Mental Chatter and Obsessive Eating

Mental Chatter and Obsessive Eating

What do I mean by mental chatter and obsessive eating? Your mind is always racing. You feel busy in your head with all that mental chatter. Your head is full of lots of thoughts swirling around. There are so many things to do but so little time. You’re so busy constantly brainstorming and planning. You’re admired for your multitasking skills with so many projects and tasks to consider but you’re health is falling apart. Your eating habits become influenced by this mental chatter. You’re gaining weight and wonder why?

If this sounds familiar I’d like to offer a simple suggestion to be aware of and consider changing. Thinking requires energy and one source of energy comes from the very foods we need to eat to support and maintain body function. Change your thinking and your body will follow.

Stress is a killer nowadays. Modern stress is usually refers to mental pressure. Years ago people were more physically active and the traditional diet was loaded with calories to support that sort of physical output of energy. Today people are mostly sitting behind computers, TV’s, and sitting while driving in a car. Such inactivity physically not only requires less carbs but it also conversely allows us to get busy thinking more which can be problematic as well. Excess thinking requires excess fuel – you want to eat more. Thinking requires a lighter fuel than lots of physical activity. Eating smaller meals more frequently would be more supportive. Instead of heavy, starchy foods and sugars that pack a lot of calories, try eating more fruits and veggies. It’s the same familiar recommendation but with an increased awareness as to why. A busy mind with less physical activity requires a low carb diet – plain and simple.

Next time, when you are mentally very busy, notice how you interact with food. Do you find yourself starving and unable to control yourself? Do you reach for anything, no matter how processed and bad it is, just to satisfy the urge? Also notice how hungry you are when you are more relaxed and comfortable with less mental chatter. I’m not talking about the couch potato syndrome of mindlessly eating and watching TV for hours on end. This is a talk about mindfulness – being mindful. It’s about feeling comfortable with less mental chatter and a more comfortable lifestyle pace in work and in our daily activities instead of gravitating towards frantic, disorganized thoughts to drag us through the hyperactive, daily grind.

Also consider what you can do to organize your thinking so it’s not so unproductive and draining. In Traditional Chinese Medicine it is said that worry, obsessive thinking and ruminating weakens the digestive process. All things have a cycle – from start to completion and around again. Worry or ruminating thoughts are endless with no satisfying sense of completion. This leads to unfinished and unsettling feelings like anxiety. No cycle is completed. There’s no sense of fulfillment only endless worry that leaves us feeling drained and empty inside. Motivation is depleted and unsettling emotions like anxiety or sinking depression seeps in.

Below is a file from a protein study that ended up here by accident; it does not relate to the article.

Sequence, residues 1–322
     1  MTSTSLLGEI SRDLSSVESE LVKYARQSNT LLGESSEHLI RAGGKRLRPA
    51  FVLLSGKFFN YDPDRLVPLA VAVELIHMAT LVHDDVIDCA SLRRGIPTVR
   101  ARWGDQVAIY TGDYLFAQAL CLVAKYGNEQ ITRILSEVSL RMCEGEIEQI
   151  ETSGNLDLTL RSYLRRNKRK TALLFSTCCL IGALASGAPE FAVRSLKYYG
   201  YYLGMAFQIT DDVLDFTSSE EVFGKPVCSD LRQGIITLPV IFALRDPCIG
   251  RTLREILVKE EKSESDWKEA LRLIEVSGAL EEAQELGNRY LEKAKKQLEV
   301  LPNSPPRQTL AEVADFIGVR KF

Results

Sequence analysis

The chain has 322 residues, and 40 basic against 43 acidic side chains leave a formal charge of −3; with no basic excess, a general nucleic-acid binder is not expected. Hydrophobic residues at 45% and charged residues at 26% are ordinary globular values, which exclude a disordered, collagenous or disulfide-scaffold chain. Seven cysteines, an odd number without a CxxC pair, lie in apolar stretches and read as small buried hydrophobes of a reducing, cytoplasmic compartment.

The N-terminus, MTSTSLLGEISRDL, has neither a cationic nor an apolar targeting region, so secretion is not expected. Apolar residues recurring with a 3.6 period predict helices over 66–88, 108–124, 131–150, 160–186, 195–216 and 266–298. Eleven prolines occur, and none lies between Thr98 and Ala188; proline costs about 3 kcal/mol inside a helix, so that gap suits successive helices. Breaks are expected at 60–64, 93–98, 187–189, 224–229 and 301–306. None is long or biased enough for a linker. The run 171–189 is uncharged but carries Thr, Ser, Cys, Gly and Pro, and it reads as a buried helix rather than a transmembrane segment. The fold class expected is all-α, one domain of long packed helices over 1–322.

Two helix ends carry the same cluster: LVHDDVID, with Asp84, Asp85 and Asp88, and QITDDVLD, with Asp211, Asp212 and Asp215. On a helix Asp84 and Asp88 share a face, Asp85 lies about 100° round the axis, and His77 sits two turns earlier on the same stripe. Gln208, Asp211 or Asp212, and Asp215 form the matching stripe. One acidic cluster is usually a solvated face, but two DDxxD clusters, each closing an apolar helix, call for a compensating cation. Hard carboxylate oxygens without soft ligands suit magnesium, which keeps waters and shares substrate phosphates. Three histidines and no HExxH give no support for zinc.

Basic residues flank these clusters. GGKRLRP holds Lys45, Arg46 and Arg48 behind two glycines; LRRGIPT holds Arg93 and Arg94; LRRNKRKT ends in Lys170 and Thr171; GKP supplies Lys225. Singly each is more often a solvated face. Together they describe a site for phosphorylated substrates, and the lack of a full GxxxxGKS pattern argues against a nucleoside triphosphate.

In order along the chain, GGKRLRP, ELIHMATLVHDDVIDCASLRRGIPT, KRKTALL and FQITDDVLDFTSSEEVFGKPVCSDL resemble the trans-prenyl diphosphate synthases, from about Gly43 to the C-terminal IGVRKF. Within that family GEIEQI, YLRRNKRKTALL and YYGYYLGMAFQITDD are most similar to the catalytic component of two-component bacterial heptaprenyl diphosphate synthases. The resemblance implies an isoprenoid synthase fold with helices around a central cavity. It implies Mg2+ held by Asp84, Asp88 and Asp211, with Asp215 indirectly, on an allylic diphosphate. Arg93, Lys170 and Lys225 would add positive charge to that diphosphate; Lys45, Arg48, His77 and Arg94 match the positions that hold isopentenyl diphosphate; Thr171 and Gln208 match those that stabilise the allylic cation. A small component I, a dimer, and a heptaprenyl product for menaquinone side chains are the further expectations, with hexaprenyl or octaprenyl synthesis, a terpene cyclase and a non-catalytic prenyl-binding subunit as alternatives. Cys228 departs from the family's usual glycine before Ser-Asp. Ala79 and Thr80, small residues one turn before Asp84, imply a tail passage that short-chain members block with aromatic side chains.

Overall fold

Ancient practices in meditation, Tai Chi (Taijiquan) and Chi Kung (Qigong) have shown to be beneficial to health for many reasons but I’ll point out one – mindfulness. Be mindful of what you are thinking. Sometimes you need to stop or slow your thinking down so you feel more comfortable inside. Be aware of how you feel when you are relaxed and compare it to how you feel when you are busy and amped up inside which requires more energy. With so many raging thoughts it’s difficult to focus. Distraction becomes the norm.

Try this simple exercise – focus your mind on your breathing. When you’re relaxed notice how your breathing is deeper and more comfortable. When you’re stressed with lots of mental chatter notice how your breathing becomes perhaps tight, more constricted and uncomfortable. Look for comfort in slow, deep breathing. Next time your mind is racing and you feel uncomfortable refocus your mind on your breathing to slow the thinking down. Try to breathe about 20% to 30% more deeply with ease and comfort. Some people have difficulty trying to control their breathing. When this happens just let go – don’t try to control it. Be gentle and work on it slowly over time. Just sitting and focusing your mind on 1 thing can slow down the mental chatter to realize a calmer state of well-being for yourself and others around you. The frequency of how you vibrate affects the vibrational frequency of others around you. With the upcoming holiday season upon us we all sure need to feel that good, warm, calming vibration.


If you want to explore this topic further check out these recommended articles:

Simple Meditation for Stress Relief

Meditation – Regulating the Breath



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